Like a modern-day gold rush, when hydraulic fracking unlocks a vast oil field in the small North Dakota town of Williston, tens of thousands of unemployed men show up with dreams if six-figure salaries. Filmmaker Jesse Moss showed up with a camera.
Over the course of a year and a half, Moss follows the overflowing stream of migrants – who soon discover the grim reality of slim work and no where to sleep – into the doors of a Lutheran church run by Pastor Jay Reinke, who counsels the workers and allows them to sleep in his church, in the parking lot, then eventually in his home – much to the horror of the community.
As the town threatens an ordinance to shut Reinke down, and the local paper gets wind that sex offenders are among Reinke’s “overnighters,” even the pastor’s tireless determination to help can’t stop things from spiraling out of control.
One overnighter in the film, Keith Graves, a truck driver from California who in 1999 was convicted of a sex-offense felony, is welcomed into Reinke’s home, instead of the church, in order to shield the congregation from criticism.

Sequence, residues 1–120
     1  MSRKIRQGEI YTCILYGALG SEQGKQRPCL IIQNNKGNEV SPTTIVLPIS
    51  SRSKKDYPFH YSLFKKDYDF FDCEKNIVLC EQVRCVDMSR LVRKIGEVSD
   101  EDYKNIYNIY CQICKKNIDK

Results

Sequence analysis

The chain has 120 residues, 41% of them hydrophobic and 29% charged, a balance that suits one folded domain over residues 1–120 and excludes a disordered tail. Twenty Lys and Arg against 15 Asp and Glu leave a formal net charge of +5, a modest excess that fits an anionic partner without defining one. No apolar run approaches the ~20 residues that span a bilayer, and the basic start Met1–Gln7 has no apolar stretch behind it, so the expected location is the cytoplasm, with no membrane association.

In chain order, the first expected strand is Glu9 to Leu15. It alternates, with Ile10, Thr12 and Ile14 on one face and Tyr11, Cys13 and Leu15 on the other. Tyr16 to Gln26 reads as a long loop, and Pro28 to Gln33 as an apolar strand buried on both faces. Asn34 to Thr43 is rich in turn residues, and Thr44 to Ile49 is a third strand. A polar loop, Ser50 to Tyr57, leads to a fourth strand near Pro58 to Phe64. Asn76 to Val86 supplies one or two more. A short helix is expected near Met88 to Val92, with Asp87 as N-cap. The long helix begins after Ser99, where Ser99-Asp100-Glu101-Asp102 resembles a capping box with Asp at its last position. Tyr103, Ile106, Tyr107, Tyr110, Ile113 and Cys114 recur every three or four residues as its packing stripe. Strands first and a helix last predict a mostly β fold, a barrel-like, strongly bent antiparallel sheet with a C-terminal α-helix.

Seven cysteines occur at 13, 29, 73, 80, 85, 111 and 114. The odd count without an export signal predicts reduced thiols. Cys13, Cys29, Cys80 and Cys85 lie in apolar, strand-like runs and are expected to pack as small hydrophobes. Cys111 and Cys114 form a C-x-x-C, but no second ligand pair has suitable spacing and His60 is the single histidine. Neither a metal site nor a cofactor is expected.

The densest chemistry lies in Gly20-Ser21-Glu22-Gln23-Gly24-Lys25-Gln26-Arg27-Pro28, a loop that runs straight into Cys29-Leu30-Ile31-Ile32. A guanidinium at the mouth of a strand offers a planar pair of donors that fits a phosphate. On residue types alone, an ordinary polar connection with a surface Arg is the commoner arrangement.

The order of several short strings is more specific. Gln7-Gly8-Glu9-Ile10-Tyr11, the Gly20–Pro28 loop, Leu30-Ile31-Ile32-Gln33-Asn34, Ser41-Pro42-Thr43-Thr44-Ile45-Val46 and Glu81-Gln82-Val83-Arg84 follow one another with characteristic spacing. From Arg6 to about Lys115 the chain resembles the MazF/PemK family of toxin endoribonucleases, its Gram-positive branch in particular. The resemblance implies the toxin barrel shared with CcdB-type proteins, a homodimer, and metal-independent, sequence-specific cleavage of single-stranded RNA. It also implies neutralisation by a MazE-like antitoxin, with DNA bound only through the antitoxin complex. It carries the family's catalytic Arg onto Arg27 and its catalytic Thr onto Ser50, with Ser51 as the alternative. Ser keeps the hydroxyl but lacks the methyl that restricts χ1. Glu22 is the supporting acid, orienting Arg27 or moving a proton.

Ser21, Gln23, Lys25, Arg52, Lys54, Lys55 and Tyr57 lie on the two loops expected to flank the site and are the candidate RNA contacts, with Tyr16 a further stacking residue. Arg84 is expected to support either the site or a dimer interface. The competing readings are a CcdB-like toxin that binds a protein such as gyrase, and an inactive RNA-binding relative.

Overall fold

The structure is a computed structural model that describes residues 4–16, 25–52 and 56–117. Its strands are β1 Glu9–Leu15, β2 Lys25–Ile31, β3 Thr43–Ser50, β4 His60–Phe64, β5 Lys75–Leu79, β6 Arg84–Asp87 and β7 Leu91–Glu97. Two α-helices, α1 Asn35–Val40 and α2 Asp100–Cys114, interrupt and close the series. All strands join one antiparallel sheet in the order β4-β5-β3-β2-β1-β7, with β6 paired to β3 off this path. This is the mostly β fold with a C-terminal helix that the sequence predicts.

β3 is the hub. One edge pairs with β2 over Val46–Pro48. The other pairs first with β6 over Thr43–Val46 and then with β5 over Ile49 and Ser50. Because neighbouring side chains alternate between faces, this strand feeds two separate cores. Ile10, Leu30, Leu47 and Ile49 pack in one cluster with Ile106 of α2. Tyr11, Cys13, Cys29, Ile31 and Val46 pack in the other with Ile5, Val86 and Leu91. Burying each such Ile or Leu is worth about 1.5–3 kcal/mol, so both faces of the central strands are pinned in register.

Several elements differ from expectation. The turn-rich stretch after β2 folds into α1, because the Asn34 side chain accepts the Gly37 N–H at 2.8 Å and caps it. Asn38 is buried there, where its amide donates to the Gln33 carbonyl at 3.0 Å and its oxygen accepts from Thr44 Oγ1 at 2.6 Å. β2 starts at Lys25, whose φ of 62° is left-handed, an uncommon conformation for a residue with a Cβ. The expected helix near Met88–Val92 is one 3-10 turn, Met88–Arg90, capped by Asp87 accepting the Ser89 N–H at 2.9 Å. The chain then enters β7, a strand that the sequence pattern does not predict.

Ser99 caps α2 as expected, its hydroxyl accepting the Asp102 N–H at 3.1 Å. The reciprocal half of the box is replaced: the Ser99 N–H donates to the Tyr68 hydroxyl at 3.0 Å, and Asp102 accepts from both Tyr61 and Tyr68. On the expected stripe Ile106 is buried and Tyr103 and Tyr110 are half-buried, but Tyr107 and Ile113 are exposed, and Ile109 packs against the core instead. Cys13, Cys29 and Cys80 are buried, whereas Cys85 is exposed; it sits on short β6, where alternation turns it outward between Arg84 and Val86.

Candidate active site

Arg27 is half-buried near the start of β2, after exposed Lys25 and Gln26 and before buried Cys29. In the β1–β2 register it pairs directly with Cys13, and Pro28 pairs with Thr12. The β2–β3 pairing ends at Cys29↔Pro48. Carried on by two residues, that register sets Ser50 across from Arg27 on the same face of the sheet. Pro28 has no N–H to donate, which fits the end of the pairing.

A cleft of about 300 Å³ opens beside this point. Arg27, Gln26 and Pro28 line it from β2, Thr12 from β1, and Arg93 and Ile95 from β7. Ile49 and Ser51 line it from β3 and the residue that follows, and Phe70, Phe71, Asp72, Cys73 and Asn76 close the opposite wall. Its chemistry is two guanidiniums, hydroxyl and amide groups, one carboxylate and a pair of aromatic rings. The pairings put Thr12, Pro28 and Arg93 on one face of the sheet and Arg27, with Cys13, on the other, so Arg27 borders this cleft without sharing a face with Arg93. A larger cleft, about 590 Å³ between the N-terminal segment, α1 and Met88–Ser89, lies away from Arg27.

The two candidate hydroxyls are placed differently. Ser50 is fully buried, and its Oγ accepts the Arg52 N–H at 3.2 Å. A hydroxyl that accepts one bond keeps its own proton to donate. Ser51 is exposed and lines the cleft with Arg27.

“A sin or a crime, while it is real and a part of one’s record, I would submit may not be the definition of one’s life,” Reinke said in the film, regarding his decision.
Indiewire said The Overnighters is “one of the most remarkable examples of layered non-fiction storytelling to come align in some time.” One movie review website gave the film an overall score of 91% out of 11 critical reviews, with 96% of the website’s audience wanting to see it when it comes out.
This is what movie critic Nicholas Rapold said of the documentary:
“Moss, who shoots the film himself verité-style, gets points for his on-the-ground look at the sacrifices made by those seeking a living (while leaving families behind) and at the day-to-day problems raised when merciless economic interests come into play.”
The Overnighters also won a Special Jury Award for Intuitive Filmmaking earthier this year at the Sundance Film Festival. It opens Oct. 10 in New York and dates for screenings in other cities across the country including Austin and San Francisco are set through December.
Click here to find out about upcoming screenings of The Overnighters and how you can help bring the film to your town.